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It Is What It Is: How to Look at Old Code

06-09-15 Ryan Cromwell

Ryan shares why you should look at older code with a healthy dose of empathy with the help of a few perspectives across the industry.

During a dinner with friends at RailsConf 2015, a conversation about old code—and how embarrassed someone would be looking back—came up. It’s not uncommon to watch developers hesitate or pre-explain the condition of their code when sharing it for the first time.  

I understand where these instincts come from and recognize them in myself as well. Having played in enterprise, startup, small business, consulting, craftsmanship, and coaching playgrounds over the last 10+ years and listening to different perspectives, I’ve changed my tune. I hope I can convince you and your team to look at “old” code in a clearer light with the help of a few perspectives that highlight my feelings.

Stages of Learning

Steve Smith once gave a very appropriate description of the adoption lifecycle of software patterns. His words stuck with me, and I’ve found they apply in so many more ways than I suspect he anticipated. The idea is that we’re exposed to some technique or pattern, and then we use and eventually overuse it. Through these experiences, we find the cases in which the technique applies well and, more importantly, the situations in which the technique doesn’t fit. I’ve found that being aware of this lifecycle gives me peace of mind while exploring solutions. It also gives me a bit more empathy when looking back at older code. Empathy that I certainly didn’t have early in my career.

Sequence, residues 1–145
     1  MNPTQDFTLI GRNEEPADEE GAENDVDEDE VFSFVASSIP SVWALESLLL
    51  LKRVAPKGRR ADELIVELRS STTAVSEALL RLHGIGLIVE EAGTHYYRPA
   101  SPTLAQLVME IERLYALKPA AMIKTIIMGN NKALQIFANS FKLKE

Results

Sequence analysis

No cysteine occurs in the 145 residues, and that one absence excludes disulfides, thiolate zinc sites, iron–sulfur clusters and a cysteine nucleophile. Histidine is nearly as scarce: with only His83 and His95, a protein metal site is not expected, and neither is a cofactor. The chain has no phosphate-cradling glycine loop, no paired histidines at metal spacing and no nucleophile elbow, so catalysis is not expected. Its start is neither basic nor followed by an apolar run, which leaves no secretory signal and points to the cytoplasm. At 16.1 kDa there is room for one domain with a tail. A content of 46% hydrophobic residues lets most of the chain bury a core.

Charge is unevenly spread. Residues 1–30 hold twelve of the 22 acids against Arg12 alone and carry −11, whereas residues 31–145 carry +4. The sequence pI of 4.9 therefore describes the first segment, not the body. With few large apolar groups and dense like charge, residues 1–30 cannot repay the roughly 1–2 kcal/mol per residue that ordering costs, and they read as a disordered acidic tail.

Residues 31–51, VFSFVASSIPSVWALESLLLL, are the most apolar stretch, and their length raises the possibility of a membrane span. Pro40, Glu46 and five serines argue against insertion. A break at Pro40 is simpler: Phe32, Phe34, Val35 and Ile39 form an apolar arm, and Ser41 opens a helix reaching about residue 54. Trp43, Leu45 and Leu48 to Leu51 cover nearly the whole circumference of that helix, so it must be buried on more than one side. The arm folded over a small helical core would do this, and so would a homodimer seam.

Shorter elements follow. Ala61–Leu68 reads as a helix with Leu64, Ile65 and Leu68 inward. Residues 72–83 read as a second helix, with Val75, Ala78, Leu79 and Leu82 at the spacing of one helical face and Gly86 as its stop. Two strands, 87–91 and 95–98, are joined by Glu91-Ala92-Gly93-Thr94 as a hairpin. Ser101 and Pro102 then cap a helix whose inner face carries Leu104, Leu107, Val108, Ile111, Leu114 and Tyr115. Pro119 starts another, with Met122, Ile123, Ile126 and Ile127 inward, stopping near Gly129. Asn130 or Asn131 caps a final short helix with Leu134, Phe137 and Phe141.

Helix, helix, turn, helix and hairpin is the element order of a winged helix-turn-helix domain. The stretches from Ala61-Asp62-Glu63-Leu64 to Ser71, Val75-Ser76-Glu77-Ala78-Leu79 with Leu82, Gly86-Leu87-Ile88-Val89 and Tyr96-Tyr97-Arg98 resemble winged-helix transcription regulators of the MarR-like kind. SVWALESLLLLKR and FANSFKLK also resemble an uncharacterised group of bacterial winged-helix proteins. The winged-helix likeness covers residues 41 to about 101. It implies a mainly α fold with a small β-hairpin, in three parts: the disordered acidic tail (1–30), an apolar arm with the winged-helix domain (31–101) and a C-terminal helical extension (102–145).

Monoliths and Microservices

During the opening keynote of Railsconf 2015, David HH staked his claim on the power of the monolith system over microservice architectures and distributed systems. His argument was that the monolith is easy to understand and easy to build. It’s hard to disagree if you’ve tried to orchestrate the alternative—flexibility doesn’t come for free. In other cases, stitching together many unique services across a broad organization makes sense and is well worth the overhead in terms of cohesiveness, productivity, and operational costs. Architecture is a reflection of the constraints, capabilities, and knowledge of the business and technical teams at any particular time.

Shirt, Shoes, and Context Required

As if on cue, Justin Searls gave a great, if misleadingly labeled, talk called “Sometimes a Controller is Just a Controller” on the final day of Railsconf. One of Justin’s points was that  “good code” at best demands context and at worst doesn’t exist. Some of the longest-lasting and most impactful products are built on bailing wire and duct tape. Each year, data is poked and prodded, and systems are reconfigured for the coming season. Does this make the code bad?

It Is What It Is

All these sentiments are different sides of the same coin: our code and our systems are a reflection of ourselves, our team, and the situation we were in when we wrote them—no more, no less. Never be embarrassed of your creations, and don’t let anyone degrade your creations. Be wary of mocking systems you inherit. After all, 20 years from now, only the greatest collections of bailing wire and duct tape will be left standing.

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